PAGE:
Sunday, August 25, 2013
Amorphis - Circle (2013)
Country: Helsinki, Finland
Style: Progressive Rock/Melodic Death Metal
Label: Nuclear Blast
I am a fan of Amorphis, despite my waning interest in the melodic death metal genre (in addition to death metal in general) and do think that they are one of the better groups from their region of the world. They have also been a band more willing to experiment with their sound than other bands that came from their genre which is something I respect. I was hopeful that this new album would correct the misstep I felt the band took with their last full-length.
Back in 2011, I was in the minority when I said that I felt that Amorphis' last album The Beginning of Times was one of their weakest albums to date. Personally, I felt as if the band was running low on ideas on that album, and were more or less repeating the same things that they had done on the three albums prior to that one. It was a melodic death metal album with folk influence, and while most places I looked claimed it was one of the group's strongest release at that point, I couldn't help but feel as though I missed something. I have gone back to that album several times since initially reviewing it and I have yet to find anything praise worthy to say about it. So I was interested in what the band would decide to do for this album when I first heard about it. I didn't listen to the single that was released beforehand, deciding to avoid all songs until I could hear the entire album in order to avoid all preconceptions about what this album may or may not be. I was hopeful that the band would return to the strong songwriting that they had shown on albums before that misstep, but sonically I didn't really hold my breath for a huge genre shift.
Pretty much after getting Tomi Joutsen on vocals back in 2005 the band has ridden their folky melo-death sound for four releases til now, and I wasn't expecting a massive shift like the ones they did back when Pasi Koskinen was the vocalist for the group, but I was actually quite surprised when I listened through this album. Yes, it's not a massive shift, but it's certainly not as straight as their previous four albums have been. The riffing is a bit more, and I hesitate to use this word, progressive on here than on their last handful, while the overall sound is still very much akin to that of their last four full-lengths. It's not enough to scare off those who were introduced to the band in this current era and find it to be their best. It's not that alienating as tracks like The Wanderer and Narrowpath definitely play up to that very melodic sound the band has used on previous singles. Personally, I thought that the band peaked using this sort of sound on 2007's Silent Waters and have since then just been using the same ideas over and over, but this new album is a nice shift on that sound.
As a whole, and as many other people have rightly said, it's much more cinematic than any of the group's previous work. While it isn't quite as powerful on the first half of the album, which is the most similar to their recent albums, when it comes out in full, it really grabs you. The songs, even though they aren't all that long, feel more epic and grandiose than anything else in the band's discography. In addition to that, this is the band's most consistent album in terms of the quality of material. As I said above, I felt as if the band peaked with their folky melo-death sound on Silent Waters, and that included memorability and songwriting as well, not just my patience. While the first half of this album is certainly strong in terms of songwriting and memorability, that's what it seems to be there for, to grab those fans of more recent material but as soon as Hopeless Days opens it's like a punch in the face with how massive those keys sound, making the guitar riff in question sound even more powerful. For me, this is where the album really got me excited. The following four tracks bring a similar sense of joy and anticipation from me, each showing a side of the band that I either have never heard before or that they had left behind long ago. The likes of Nightbird's Song show the band at their most interesting and hardened vocally while still delivering strong melodic guitar work as a foundation. In addition to that the likes of Into The Abyss and Enchanted By The Moon feature some of the biggest hooks in the entire band's career.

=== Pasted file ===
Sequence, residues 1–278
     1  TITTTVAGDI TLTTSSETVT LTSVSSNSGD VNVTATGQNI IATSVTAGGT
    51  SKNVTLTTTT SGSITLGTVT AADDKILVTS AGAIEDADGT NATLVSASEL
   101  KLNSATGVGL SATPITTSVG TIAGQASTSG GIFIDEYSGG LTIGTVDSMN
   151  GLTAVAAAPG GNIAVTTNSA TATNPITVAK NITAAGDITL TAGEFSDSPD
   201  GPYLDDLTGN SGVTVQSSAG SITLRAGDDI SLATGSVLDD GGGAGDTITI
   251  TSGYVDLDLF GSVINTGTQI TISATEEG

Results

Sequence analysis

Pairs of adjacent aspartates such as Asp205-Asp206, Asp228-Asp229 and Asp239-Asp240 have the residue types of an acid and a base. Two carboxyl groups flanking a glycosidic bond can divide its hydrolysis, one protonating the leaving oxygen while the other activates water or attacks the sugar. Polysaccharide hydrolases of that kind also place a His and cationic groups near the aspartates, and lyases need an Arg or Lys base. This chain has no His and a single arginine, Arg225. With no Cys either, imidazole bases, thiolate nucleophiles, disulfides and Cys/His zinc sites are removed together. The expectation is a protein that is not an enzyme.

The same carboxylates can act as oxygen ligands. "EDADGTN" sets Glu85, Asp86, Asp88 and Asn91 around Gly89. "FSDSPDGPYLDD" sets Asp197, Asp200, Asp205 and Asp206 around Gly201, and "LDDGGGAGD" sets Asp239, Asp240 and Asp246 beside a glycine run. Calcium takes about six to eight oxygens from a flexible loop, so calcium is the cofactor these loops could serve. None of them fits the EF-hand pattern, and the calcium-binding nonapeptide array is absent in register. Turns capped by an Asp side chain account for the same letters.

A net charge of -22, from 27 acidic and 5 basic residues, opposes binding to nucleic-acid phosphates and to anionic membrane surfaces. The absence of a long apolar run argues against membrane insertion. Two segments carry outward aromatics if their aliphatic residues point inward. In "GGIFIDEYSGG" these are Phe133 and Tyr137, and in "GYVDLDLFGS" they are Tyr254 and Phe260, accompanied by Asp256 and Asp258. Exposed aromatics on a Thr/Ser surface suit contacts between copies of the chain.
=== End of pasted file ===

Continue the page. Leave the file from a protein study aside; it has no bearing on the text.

I do believe this is the band's best release for several years and is hopefully a sign for future sonic explorations like this. They are really at the top of their game here, and this is strong enough for me to say it's up in my top 3 albums from the band (with Elegy and Am Universum). Very strong and definitely one of the best records I've heard to come out of the melo-death genre for quite a while.
Overall Score: 9
Highlights: Hopeless Days, Into The Abyss, Enchanted By The Moon